Engineer of hundreds of recordings for Blue Note and other labels passes away at 91
The legendary jazz recording engineer Rudy Van Gelder has died at the age of 91, The New York Times reported.
Van Gelder, an optomistrist by trade, began making recordings in a makeshift studio in his parents' house in Hackensack, New Jersey. He was recommended to Blue Note Records in 1952 and the following year took over responsibilities for recording engineering at the label. The painstaking detail of his recordings came to define the sound of jazz. Richard Cook, former Editor of The Wire, called Van Gelder's method of recording and mixing the piano “as distinctive as the pianists' playing itself” in his book Blue Note Records: The Biography. Electronic producer Kirk Degiorgio, interviewed in The Wire 160, declared that “before Blue Note you couldn't really hear a cymbal on a jazz record. Rudy Van Gelder pioneered that whole idea of the importance of the recording.” But Van Gelder himself, however, was deferential: “the Rudy Van Gelder sound is really the Alfred Lion sound,” he said, crediting the Blue Note producer.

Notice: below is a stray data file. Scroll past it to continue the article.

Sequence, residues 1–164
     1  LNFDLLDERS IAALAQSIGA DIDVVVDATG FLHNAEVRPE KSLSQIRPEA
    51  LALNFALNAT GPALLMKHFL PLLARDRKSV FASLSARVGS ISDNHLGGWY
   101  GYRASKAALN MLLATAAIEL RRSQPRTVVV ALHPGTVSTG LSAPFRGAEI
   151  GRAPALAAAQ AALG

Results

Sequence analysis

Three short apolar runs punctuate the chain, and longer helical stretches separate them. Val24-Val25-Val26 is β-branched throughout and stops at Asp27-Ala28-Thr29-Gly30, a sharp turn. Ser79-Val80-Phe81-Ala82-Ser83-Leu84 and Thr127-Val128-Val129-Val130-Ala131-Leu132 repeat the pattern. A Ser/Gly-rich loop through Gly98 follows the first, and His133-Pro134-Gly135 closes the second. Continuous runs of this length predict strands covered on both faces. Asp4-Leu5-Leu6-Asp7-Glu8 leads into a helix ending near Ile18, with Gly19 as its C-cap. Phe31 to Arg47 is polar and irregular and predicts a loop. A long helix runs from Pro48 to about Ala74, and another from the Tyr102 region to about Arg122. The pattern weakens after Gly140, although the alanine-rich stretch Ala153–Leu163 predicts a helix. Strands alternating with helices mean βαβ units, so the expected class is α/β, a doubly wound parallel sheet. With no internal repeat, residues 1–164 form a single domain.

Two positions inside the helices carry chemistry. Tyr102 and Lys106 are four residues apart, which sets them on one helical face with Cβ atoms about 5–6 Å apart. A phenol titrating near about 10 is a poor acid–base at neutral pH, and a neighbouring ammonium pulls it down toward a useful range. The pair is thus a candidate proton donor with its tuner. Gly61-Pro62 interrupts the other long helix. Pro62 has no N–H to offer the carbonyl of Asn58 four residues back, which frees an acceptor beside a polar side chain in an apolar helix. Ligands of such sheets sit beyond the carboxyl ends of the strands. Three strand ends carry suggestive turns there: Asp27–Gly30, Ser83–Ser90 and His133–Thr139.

Van Gelder was so prolific in the 1950 and 60s that putting a precise figure on how many albums he had a hand in is almost impossible – including engineering, mastering and remastering, the total runs into thousands. He recorded all styles of jazz, from bebop to fusion to free jazz, and worked not just for for Blue Note but for Verve, Prestige and Impulse!. It was for the latter that he recorded John Coltrane's A Love Supreme in 1964.